# Thread: differentiable map and local isometry

1. ## differentiable map and local isometry

hi dear mathhelpform's citizens ı have a question,ı want to ask you;

prove;
if the differential of a differentiable map F preserves,orthonormal basis then F is a(local) isometry.

2. Originally Posted by sah_mat
hi dear mathhelpform's citizens ı have a question,ı want to ask you;

prove;
if the differential of a differentiable map F preserves,orthonormal basis then F is a(local) isometry.
I'll need an additional hypothesis: $\displaystyle F$ is continuously differentiable. Did you forget it?
Note that if $\displaystyle \varphi$ is a linear map, "$\displaystyle \varphi$ preserves orthornormal bases" implies $\displaystyle \|\varphi(x)\|=\|x\|$ for every $\displaystyle x$, (one says that $\displaystyle \varphi$ is orthogonal). This implies $\displaystyle \|\varphi\|=\max_{x\neq 0}\frac{\|\varphi(x)\|}{\|x\|}=1$.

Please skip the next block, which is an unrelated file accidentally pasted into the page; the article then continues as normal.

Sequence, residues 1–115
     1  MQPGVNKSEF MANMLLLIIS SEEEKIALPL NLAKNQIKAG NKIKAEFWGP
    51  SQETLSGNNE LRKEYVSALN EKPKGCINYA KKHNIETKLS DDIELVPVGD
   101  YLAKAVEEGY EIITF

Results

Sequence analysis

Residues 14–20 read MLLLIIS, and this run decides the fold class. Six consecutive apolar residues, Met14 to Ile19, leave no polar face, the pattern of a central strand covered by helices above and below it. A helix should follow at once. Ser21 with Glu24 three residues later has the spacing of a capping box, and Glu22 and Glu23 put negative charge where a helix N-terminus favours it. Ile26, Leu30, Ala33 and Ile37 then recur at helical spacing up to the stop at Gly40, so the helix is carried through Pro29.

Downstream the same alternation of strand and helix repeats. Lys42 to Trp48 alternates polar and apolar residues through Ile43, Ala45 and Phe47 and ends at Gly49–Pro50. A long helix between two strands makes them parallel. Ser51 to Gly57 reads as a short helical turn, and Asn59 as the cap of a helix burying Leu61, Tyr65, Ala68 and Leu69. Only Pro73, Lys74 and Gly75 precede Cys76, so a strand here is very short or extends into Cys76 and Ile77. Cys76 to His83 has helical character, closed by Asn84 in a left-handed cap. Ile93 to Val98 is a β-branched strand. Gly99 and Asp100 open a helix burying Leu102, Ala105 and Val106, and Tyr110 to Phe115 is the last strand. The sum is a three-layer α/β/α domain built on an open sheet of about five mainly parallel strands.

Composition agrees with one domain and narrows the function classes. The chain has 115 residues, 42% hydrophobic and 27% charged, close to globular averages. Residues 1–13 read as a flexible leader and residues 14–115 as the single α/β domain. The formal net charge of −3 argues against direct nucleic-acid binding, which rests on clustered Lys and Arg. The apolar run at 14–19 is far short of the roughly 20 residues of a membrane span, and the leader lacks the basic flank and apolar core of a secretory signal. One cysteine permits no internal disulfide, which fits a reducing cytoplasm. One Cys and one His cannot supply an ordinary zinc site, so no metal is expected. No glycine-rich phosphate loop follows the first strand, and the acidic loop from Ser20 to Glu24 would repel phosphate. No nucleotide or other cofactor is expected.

Suppose $\displaystyle F$ is defined on an open convex set $\displaystyle U$. By the previous remark, we have $\displaystyle \|dF_x\|=1$ for every $\displaystyle x\in U$. As a consequence, for any $\displaystyle x,y\in U$, the mean-value theorem gives $\displaystyle \|F(x)-F(y)\|\leq \max_{z\in[x,y]}\|dF_z\|\times \|x-y\|=\|x-y\|$.
In order to get the reverse inequality, prove that, at any point, $\displaystyle F$ has locally an inverse function (by the inverse function theorem), notice that this inverse function satisfies the same hypothesis as $\displaystyle F$ and procede like above to find $\displaystyle \|F^{-1}(f(x))-F^{-1}(f(y))\|\leq \|f(x)-f(y)\|$ if $\displaystyle x,y$ are in a (possibly small) open convex set where $\displaystyle F$ is invertible. And this is it.